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Islamists in Syrian city offer Christians safety -- at a heavy price

By Saad Abedine and Jethro Mullen, CNN
updated 6:09 AM EST, Fri February 28, 2014
Security and emergency medical personnel work at the site of a car bomb explosion Monday, April 14, in the Ekremah neighborhood of Homs, Syria. The United Nations estimates more than 100,000 people have been killed <a href='http://www.cnn.com/2013/08/27/world/meast/syria-civil-war-fast-facts/index.html' target='_blank'>since the Syrian conflict began</a> in March 2011. Security and emergency medical personnel work at the site of a car bomb explosion Monday, April 14, in the Ekremah neighborhood of Homs, Syria. The United Nations estimates more than 100,000 people have been killed since the Syrian conflict began in March 2011.
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Syrian civil war in 2014
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STORY HIGHLIGHTS
  • Raqqa was once one of the nation's most liberal cities
  • The militants are also forbidding Christians from repairing churches and monasteries
  • The heavy restrictions are not surprising coming from ISIS

(CNN) -- Islamist militants have told Christians in a northern Syrian city that they will guarantee their safety. But there's a catch.

Make that a lot of catches.

Christian residents of Raqqa, once one of the nation's most liberal cities, will have to pay as much as 17 grams of gold per adult male in an annual payment, the extremist group the Islamic State of Iraq and Syria (ISIS) said in a statement posted online this week.

The group is also forbidding the city's Christians from repairing or refurbishing their churches and monasteries, said the statement, which has been circulated in the city, according to Syrian activists.

The list of constraints imposed by the militants also limits Christian worship, business activities and alcohol consumption.

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The heavy restrictions are perhaps unsurprising coming from ISIS, which has broken away from al Qaeda and is fighting with other rebel groups in Syria.

Activists told CNN in November that Raqqa was becoming increasingly conservative after ISIS began imposing hardline Islamist law there and meting out harsh punishment to those who don't follow orders.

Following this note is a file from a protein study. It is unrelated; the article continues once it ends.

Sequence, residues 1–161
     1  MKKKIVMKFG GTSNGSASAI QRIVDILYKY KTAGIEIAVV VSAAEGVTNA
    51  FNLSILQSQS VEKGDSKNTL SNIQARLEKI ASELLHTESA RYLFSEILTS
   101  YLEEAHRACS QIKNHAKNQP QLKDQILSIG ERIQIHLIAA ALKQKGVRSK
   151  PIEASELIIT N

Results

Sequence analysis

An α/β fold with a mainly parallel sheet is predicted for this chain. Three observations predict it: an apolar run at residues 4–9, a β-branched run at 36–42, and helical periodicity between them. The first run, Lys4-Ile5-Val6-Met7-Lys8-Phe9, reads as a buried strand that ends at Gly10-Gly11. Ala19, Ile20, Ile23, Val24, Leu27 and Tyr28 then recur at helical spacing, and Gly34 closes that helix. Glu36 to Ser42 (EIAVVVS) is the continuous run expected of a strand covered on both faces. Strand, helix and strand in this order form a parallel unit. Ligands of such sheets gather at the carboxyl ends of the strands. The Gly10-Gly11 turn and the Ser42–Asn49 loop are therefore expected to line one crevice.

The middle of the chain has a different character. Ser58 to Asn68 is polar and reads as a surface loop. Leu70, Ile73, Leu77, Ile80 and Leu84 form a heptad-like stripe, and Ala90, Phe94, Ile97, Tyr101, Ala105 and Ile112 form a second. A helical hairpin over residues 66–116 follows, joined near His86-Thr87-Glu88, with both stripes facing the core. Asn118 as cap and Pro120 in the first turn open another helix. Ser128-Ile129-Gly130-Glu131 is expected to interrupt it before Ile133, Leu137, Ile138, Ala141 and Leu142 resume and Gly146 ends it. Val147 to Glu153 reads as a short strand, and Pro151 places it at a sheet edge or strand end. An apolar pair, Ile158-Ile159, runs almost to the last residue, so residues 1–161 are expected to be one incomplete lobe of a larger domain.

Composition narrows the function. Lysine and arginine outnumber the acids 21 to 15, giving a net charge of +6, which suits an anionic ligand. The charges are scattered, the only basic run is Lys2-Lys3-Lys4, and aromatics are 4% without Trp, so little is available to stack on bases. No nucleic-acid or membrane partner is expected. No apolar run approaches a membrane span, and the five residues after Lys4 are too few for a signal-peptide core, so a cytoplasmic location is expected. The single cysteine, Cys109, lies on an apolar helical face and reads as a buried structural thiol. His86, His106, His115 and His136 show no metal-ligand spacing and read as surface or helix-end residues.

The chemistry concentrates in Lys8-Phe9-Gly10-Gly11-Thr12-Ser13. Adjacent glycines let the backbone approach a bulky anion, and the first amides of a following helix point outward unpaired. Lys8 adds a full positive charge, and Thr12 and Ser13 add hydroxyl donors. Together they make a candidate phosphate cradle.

Locals started calling the city Tora Bora and saying it felt as if the Taliban of Afghanistan had taken over.

ISIS's new set of restrictions on Christians has drawn criticism from the Syrian opposition and even a radical Muslim cleric.

Louay Safi, a spokesman for the Syrian Coalition, said ISIS's treatment of non-Muslims was un-Islamic.

And the radical cleric, Abu Qatada, who is on trial in Jordan over terrorism charges, told CNN Arabic on Thursday that the militants didn't have the right to offer protection and demand payment from Christians because they weren't yet empowered to govern Syria.

It's unclear how many Christians remain in Raqqa after years of bloody civil war in Syria.

Since ISIS began cracking down on dissent in Raqqa, many activists and residents have fled the city.

Other things the extremist group have forbidden Christians in Raqqa from doing include:

-- Exposing crosses or their books to Muslims;

-- Making any recitations or ringing any church bells that can be heard by Muslims;

-- Trading pigs or alcohol to Muslims or in their markets;

-- Drinking alcohol in public.

READ: CNN Exclusive: Inside Syrian town living under al Qaeda reign of fear

READ: Pro-government forces find a haven at Syrian town's Christian monastery

CNN's Salma Abdelaziz and Hamdi Alkhshali contributed to this report.

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